The shadow of the tower rolled all the way to the horizon, and was spreading its darkness over the rest of the world.
Another monstrous threat to civilization! Hadn’t he just disposed of one? And the one before that. And the one before that. The ravenous flies. The disintegrating blight. The apocalyptic dragon. The cities of annihilation. The malignant pact. It was starting to get monotonous, all this monstrousness. But that seemed to be the way this universe was constructed. The monstrous insurmountable problems would never end.
In a sense, Wootin was partly responsible for this new abomination. He and Hollister Congrieve had caused the collapse of the powerful medical science sect known as the Pact. And the Pact held the Mysteriarchs of the Abyss in check. Freed of the torments and suppressions of the Pact, the Mysteriarchs of the Abyss had devoted their considerable energies to producing this… this… thing.
Wootin understood the forces that were at work here, and what had happened to this part of the world while he was off in the Far East. Wootin wasn’t what you’d call a believer, but he knew his Bible and he recognized the structure for what it was. An old story about the price of perfection and measures needed to attain it. Everyone knew how the story was going to end. The builders were getting closer and closer to having a perfect picture of what was really going on—someone’s idea of Heaven or Olympus or whatever label you want to place on having all the answers—and the unfolding revelations were already proving to be too much to handle. It was confounding their tongues.
The biblical implications increased Wootin’s sense of dread. A very old story, indeed, and Wootin wished he could run away from it. But the thing was so tall, so immensely vast, there was no away to run to.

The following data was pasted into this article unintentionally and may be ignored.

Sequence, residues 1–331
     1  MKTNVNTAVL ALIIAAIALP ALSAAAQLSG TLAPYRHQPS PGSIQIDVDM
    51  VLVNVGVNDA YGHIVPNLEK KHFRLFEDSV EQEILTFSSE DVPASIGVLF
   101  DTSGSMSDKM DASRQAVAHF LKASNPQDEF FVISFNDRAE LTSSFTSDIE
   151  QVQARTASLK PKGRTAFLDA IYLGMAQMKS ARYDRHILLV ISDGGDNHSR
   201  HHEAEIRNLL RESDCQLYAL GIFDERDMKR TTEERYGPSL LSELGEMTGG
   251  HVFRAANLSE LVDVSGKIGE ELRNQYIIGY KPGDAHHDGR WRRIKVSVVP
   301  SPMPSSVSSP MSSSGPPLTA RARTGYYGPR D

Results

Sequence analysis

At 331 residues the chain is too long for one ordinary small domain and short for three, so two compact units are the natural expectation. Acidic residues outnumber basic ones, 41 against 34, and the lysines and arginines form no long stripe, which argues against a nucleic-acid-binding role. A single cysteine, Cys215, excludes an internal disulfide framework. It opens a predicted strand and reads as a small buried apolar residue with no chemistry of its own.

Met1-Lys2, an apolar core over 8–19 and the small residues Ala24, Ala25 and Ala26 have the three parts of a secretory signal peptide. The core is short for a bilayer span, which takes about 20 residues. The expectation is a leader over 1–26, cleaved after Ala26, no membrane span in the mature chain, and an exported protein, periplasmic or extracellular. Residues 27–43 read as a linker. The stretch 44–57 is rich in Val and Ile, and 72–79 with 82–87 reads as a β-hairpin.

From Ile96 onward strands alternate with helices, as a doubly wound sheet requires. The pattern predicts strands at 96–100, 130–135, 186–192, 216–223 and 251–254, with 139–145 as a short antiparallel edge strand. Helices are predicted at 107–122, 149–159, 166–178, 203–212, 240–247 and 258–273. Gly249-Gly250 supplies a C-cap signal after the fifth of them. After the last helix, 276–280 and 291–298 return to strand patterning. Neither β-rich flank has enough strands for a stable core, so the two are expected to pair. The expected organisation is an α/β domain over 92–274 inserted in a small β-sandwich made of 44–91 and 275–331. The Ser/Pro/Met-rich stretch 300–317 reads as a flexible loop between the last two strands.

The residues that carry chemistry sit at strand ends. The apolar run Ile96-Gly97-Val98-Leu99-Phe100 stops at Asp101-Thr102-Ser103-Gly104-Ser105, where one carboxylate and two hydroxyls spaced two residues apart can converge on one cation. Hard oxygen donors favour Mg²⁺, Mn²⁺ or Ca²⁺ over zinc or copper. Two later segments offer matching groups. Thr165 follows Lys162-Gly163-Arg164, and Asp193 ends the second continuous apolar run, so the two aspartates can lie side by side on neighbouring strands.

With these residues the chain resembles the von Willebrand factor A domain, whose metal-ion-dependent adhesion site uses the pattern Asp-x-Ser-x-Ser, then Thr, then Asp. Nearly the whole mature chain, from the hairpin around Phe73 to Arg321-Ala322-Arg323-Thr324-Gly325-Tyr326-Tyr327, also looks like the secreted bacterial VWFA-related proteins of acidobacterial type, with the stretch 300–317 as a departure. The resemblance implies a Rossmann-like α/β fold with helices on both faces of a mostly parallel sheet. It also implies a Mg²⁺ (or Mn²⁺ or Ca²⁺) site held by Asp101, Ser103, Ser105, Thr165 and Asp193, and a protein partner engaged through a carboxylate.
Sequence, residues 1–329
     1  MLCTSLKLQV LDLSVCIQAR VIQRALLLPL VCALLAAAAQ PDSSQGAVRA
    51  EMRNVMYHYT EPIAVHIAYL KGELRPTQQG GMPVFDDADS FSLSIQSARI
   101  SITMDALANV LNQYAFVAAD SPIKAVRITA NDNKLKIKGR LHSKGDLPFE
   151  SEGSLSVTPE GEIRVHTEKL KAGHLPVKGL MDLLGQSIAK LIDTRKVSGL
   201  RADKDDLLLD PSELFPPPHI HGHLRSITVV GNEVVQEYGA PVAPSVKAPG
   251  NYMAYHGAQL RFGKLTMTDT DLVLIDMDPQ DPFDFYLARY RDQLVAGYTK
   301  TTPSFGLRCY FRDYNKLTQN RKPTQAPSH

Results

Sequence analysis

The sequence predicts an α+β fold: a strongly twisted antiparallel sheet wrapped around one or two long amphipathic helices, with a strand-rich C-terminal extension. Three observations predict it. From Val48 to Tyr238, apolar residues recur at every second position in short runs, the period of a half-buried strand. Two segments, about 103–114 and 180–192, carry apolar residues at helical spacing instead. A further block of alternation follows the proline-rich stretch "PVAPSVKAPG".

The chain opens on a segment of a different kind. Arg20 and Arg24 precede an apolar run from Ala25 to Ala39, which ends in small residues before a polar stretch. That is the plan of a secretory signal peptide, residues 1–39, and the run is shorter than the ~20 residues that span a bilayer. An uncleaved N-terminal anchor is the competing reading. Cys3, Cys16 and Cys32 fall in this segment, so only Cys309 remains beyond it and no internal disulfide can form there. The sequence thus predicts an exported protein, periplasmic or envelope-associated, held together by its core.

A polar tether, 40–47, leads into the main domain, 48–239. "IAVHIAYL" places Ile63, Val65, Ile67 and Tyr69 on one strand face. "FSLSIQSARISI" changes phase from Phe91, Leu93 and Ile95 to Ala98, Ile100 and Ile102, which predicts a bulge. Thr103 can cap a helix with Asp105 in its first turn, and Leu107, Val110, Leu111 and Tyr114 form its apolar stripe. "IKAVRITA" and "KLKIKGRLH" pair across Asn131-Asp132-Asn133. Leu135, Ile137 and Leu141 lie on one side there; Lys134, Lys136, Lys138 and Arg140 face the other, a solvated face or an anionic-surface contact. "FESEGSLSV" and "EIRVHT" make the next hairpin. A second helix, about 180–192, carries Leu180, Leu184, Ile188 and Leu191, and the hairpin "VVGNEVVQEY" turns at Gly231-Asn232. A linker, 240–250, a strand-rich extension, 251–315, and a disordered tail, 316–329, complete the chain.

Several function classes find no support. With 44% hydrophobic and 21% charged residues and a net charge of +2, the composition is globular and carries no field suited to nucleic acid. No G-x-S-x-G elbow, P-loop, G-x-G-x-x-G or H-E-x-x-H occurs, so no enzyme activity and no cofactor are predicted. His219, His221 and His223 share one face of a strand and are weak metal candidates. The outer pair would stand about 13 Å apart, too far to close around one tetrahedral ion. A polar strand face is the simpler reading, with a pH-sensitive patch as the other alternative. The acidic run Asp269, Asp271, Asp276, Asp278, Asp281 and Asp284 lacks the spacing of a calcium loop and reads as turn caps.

How could he possibly mount a fight against this thing he had helped to bring about? He had bombs, a few bombs, and some sticks of dynamite. Maybe he could blast the tower at some precious, critical juncture—a keystone pivot point—that would bring the whole thing tumbling down. Perhaps this colossal, absurd, impossibly huge structure might yield if someone simply dared to oppose it. It was a vain wish. A nightmare of hopelessness masquerading as hope.
Out of the tunnel. The Queen’s triplane whipped into a paroxysm of uncontrolled gyrations. The air around the trestle flared with infernal rage. She surged ahead, blasting away at the train, spewing crimson around her. She had gone on the attack, loosing bombs. But the winds were too strong, and the trestle presented a narrow target. The bombs skittered close to the lurching trestle, but continued falling, down through the countless distances below, disappearing into the surrounding cloud carpet.
We need to talk. We desperately need to talk.
You probably think I’m going to kill you. It is the most obvious motive for all the time and attention I’ve spent in trying to track you down, in forcing this confrontation you have so strenuously avoided all of these years. How many years—how many long years? I think I could kill you, if I wanted to. I have you at a disadvantage, I think. But I don’t know for certain. I’m looking for answers only you can provide. Perhaps those answers might come immediately to me if I killed you—according to old traditions—according to the old legends. I would rather talk, simply talk. We have so much to talk about.